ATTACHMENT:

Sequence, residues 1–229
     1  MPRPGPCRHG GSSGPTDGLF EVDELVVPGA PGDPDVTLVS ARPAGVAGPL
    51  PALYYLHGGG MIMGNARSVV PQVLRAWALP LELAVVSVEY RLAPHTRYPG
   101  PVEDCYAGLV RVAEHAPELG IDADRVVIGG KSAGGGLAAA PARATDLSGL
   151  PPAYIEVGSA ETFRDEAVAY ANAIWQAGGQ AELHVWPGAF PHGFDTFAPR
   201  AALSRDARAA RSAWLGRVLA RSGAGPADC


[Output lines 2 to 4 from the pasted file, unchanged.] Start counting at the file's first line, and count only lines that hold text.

     1  MPRPGPCRHG GSSGPTDGLF EVDELVVPGA PGDPDVTLVS ARPAGVAGPL
    51  PALYYLHGGG MIMGNARSVV PQVLRAWALP LELAVVSVEY RLAPHTRYPG
   101  PVEDCYAGLV RVAEHAPELG IDADRVVIGG KSAGGGLAAA PARATDLSGL